Geneology

Haraldr hárfagri (Harald the Hairfair), King of Norway c. 872 – c. 930

Sigurðr hrísi Haraldsson, Norwegian Prince

Hálfdan Sigurðarson, Norwegian Prince

Sigurðr sýr Hálfdanarson, Norwegian Prince

Haraldr harðráði (Harald the Ruthless), King of Norway 1047 – 1066, d. At Hastings

Ólafr kyrri (Olaf the Quiet), King of Norway 1066 – 1093

Magnús berfættr (Magnus the Barefoot), King of Norway 1093 – 1103

Þora Magnúsd. (Ill.) m. Loptr of Oddi (son of Sæmunder the Sage, author of Edda)

Jón Loptsson, chieftain at Oddi, primus inter pares among Icelandic chieftains, d. 1197, (fosterfather of the famous historian-writer Snorri Sturluson of Reykholt

Sólveig Jónsd. (sister of bishop Páll), m. Guðmundur gríss Ámundas. Of Þingvellir

Þorlákur Guðmundsson (father of bishop Árni)

Ásbjörg Þorláksdóttir, m. Helgi Loptsson of Skál, later a nun in Kirkjubær

Guðný Helgadóttir, m. Sir Þorður Hallsson, knight, of Möðruveilir, Eyjafiord

Loptur Þórðarson, of Möðruveilir, Eyjafiord d. 1355

Ingiríður Loptsdóttir, m. Eiríkur the Rich Magnússon of Svalbarð

Málmfríður Eiríksdóttir, m. Bjórn Brynjólfsson of Akrar in Blönduhlíð

Sigríður Björnsd., m. Þorsteinn Ólafsson, legifer d. 1481

Akra-Kristín, m. Helgi Guðnason, legifer, of Akrar in Blönduhlíð

Ingveldur Helgad., m. Rt. Hon. Þorleifur Björnsson, regent of Iceland, d.c. 1486

Kristín Þorleifsdóttir, m. Eiríkur Halldórsson of Álftanes

Guðrún Eiríksdóttir, m. Þorgils Jónsson

Jón Þorgilsson, farmer of Brimilsvellir (Snæfeilsnes peninsula, W. Iceland)

Guðmundur Jónsson, of Brimilsvellir, brother of Sheriff Þorgils d. 1684

Sigurður Guðmundsson

Berglót Sigurðard., d. 1762, m. Páll Helgason, farmer of Hnúkur, district chief

Helgi Pálsson, b.c. 1725, d. 1785, farmer of Rauðseyjar Islands, W. Iceland

Gunnar Helgason, b. 1766, farmer of Bjarneyjar & Skáleyjar Islands

Guðrún Gunnarsdóttir, b. 1793, m. Einar Einarsson of Svínanes

Helga Einarsdóttir, m. Magnús Magnússon of Svínanes & Raknidalur

Magnús Magnússonb. 1859 d. 1942, fishmonger of Hnausar, Manitoba

Magnús Magnússonb. 1896 d. 1940

Olof Magnusson, b.1928 m. James Wood of Winnipeg, Manitoba

Gordon Wood, b. 1960 m. Louise Lamontagne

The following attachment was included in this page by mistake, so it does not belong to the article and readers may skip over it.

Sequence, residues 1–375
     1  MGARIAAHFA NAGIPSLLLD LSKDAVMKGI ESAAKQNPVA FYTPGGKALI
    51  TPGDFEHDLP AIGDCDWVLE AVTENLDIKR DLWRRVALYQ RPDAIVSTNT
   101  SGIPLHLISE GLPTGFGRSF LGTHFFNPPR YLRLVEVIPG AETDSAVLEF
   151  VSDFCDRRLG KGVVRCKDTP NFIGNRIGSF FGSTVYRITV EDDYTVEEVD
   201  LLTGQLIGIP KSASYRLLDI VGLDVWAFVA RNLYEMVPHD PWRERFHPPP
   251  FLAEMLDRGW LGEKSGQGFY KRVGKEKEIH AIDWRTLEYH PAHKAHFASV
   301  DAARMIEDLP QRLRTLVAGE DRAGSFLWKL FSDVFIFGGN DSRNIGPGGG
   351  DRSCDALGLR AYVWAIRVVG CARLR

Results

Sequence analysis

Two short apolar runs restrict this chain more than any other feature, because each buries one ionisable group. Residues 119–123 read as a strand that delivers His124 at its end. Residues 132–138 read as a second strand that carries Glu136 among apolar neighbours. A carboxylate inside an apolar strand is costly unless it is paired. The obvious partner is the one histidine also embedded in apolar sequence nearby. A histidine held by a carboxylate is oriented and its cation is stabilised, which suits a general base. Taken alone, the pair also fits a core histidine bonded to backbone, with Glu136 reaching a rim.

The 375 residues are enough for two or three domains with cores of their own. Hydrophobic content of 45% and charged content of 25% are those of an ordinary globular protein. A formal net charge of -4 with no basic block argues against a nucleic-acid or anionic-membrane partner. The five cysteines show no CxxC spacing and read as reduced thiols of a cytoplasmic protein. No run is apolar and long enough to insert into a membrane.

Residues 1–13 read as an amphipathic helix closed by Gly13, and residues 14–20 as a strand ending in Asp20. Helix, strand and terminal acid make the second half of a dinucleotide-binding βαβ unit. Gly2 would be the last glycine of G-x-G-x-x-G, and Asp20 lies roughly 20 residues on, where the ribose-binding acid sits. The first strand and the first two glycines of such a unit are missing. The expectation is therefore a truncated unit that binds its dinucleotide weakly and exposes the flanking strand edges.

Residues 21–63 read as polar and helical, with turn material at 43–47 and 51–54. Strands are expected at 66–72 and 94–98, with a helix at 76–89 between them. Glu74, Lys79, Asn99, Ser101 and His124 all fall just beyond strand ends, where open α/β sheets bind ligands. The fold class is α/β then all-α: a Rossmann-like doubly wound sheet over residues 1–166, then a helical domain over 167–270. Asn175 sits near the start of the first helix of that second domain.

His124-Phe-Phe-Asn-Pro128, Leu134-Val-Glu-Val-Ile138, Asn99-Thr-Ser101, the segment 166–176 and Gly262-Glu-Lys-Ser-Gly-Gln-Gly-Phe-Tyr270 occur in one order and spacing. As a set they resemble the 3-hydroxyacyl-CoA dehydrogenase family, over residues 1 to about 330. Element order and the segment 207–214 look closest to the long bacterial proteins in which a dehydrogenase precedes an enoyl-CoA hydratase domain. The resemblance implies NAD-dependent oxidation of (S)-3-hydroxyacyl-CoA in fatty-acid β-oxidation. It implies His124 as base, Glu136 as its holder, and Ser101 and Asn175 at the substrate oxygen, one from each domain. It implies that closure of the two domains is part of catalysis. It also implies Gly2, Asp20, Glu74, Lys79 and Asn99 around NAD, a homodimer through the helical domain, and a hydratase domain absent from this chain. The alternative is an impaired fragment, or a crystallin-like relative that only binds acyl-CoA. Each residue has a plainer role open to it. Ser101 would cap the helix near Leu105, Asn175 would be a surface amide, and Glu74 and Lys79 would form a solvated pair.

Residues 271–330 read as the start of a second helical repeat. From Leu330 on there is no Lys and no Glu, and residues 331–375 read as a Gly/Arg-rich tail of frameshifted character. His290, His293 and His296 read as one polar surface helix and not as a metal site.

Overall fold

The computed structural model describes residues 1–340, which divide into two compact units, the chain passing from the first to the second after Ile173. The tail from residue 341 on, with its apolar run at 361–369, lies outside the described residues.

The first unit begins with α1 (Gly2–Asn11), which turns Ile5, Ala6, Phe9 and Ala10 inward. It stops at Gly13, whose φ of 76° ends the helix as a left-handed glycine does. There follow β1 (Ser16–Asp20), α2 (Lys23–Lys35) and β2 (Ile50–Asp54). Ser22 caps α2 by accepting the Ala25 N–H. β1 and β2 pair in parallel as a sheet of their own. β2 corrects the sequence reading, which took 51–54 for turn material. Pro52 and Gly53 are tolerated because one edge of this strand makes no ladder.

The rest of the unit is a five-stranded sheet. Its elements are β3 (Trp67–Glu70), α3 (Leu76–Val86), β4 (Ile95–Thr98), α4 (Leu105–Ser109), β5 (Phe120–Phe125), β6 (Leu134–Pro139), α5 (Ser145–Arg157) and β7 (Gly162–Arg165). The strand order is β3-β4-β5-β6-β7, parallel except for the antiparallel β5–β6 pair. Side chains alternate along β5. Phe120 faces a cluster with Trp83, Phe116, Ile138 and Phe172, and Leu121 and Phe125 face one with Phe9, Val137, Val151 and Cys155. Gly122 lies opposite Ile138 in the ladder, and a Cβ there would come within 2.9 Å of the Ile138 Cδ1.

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“Mental Illness” is not the same thing as “Brain Disease”

Let’s begin with an analogy. We do not blame the person with Parkinson’s Disease for knocking over your tea set because his muscles jerked at the wrong time. We do, however, blame him if he purposefully picked it up and threw it.

The first instance is biological, his body created the action without his thought. The second is behavioural, he created the action with thought. (On a side note, if he can control his disease, we do hold him accountable for doing so because that part of the equation is behavioural).

The brain is a physical entity that can be damaged and/or diseased.
“Mental” or “mind”, though, is a concept denoting the processes of the brain, and, while these processes may be rational or irrational, we must not lose sight of the fact that concepts, as such,  cannot be physically damaged/diseased, only metaphorically damaged/diseased.

To compare the behaviour of a willfully evil act such as child abuse or paedophilia to the actions of someone who is physically disabled is an extreme act of evasion.

To make the claim that these evil acts are committed by those who don’t know right from wrong ignores the fact that, in almost all cases of child abuse and/or paedophilia, these acts are committed SECRETLY, i. e. they are hidden from public view as well as the perpetrator can hide them.

Keep this in mind when thinking about mental illness. One cannot cure one’s Parkinson’s just by talking to someone.